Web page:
Conclusions

Supportive text messaging based on CBT, could potentially help alleviate the large unmet need for mental health services (such as counselling) currently reported by patients in Alberta [1] and other parts of Canada and beyound. Mobile health technologies can serve as force-multipliers for mental health providers to distribute inexpensive and more extensive mental health interventions to a wider spectrum of patients. Several studies examining text messaging have successfully demonstrated that mobile health technologies can be particularly useful for marginalized populations such as visible minorities, refugees, people of limited income, people of limited literacy, or culturally stigmatized patients [27, 29, 36, 39]. With the location-independent advantage of mobile health technologies, this could potentially make such interventions useful for some of the population cohorts in Canada who suffer from the highest prevalences of depression [39]. Implementation of text-messaging interventions has the potential for improving treatment outcomes, which in turn may decrease both the economic cost of disability and increase quality of life for patients. On a wider scale, more effective and accessible therapeutic interventions for depression could improve workplace productivity and even improve family dynamics in our communities [39]. We hope future studies will be conducted to validate our encouraging findings and explore their implications in larger clinical samples with long term follow up. Future studies may also consider including continious monitoring of psychophysiological biomarkers in order to introduce more objective measurements in outcome assessments as well as explore the dose-dependent effect of the intervention.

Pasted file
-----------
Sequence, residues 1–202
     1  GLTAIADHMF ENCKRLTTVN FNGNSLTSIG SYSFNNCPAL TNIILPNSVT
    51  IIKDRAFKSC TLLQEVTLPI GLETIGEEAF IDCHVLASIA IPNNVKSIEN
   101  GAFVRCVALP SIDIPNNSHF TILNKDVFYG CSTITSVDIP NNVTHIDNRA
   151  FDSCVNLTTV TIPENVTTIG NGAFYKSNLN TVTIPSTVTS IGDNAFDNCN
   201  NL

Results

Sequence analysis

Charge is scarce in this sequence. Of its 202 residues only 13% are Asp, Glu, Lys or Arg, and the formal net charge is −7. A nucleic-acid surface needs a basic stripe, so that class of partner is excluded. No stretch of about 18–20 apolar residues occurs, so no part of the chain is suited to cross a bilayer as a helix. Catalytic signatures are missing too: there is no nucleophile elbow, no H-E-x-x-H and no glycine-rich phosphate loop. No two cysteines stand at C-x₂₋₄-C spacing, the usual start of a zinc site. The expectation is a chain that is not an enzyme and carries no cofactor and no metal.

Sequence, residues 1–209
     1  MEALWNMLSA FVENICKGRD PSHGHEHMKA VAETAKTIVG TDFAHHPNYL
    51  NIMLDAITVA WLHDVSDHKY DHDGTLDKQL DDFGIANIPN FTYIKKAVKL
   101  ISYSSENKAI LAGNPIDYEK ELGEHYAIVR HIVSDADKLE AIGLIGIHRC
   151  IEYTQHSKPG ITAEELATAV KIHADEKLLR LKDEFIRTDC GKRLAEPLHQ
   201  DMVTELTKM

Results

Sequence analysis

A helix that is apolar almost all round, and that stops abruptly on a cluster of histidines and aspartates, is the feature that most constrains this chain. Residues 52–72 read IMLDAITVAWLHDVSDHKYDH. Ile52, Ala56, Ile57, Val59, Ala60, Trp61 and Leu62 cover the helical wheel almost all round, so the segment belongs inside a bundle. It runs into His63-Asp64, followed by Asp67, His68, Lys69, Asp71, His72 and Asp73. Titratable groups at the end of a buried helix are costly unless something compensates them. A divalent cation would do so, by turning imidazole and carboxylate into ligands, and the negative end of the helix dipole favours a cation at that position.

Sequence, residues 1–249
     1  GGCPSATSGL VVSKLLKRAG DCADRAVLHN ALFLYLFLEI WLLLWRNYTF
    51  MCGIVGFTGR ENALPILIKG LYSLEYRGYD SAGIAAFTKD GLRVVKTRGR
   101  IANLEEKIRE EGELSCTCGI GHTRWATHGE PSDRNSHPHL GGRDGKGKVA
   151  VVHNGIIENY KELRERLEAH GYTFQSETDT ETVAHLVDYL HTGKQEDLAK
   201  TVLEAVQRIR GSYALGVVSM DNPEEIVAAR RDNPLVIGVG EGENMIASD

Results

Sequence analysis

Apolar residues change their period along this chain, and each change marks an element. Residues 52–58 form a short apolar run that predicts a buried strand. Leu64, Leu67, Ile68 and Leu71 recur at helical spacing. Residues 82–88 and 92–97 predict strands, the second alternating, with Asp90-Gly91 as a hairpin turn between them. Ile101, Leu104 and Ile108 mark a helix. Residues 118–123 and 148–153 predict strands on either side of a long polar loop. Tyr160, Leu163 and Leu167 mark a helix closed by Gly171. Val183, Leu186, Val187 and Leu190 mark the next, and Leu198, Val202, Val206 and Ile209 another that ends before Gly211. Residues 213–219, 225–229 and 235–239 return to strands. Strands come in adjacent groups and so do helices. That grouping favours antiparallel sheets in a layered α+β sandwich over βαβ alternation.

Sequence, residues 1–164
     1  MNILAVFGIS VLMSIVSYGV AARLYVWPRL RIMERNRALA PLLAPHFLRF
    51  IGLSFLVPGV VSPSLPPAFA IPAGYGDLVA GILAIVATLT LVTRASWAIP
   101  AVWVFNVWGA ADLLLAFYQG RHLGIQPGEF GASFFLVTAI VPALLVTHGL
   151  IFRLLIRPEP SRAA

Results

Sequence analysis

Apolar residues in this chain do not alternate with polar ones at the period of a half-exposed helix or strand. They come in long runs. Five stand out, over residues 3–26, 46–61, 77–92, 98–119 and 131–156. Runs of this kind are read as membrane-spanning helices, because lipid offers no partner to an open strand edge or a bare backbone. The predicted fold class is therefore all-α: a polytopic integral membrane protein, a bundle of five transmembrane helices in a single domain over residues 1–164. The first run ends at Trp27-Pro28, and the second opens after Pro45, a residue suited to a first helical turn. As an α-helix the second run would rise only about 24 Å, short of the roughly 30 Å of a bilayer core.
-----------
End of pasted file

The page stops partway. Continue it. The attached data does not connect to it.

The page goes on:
Declarations

Acknowledgements

We thank Dr. Olurotimi Ogunsina, Dr. Lorella Ambrosano and Dr. Sandra Corbett, psychiatrists in Fort McMurray for supporting the study by facilitating recruitment of patients from their outpatient offices. We also thank Alberta Health Services Cognitive Behavioural Therapists and patients in Fort McMurray for contributing to the writing of supportive text messages. The study was funded by an Alberta Health Services quality improvement grant.

Funding

The study was funded by an Alberta Health Services North Zone Quality Improvement Grant.

Availability of data and materials

The datasets used and/or analysed during the current study are available from the corresponding author on reasonable request.

Authors’ contributions

VIOA conceived and designed the study, and supervised data collection and analysis. He jointly drafted the initial manuscript with MJ. MJ contributed to the study design and the design and jointly drafted the initial manuscript with VIOA. MK, JO, VYMS, AO, SMD and AJG contributed to the study design and also contributed to editing the initial and subsequent drafts of the manuscript. All authors approved the final draft of the manuscript.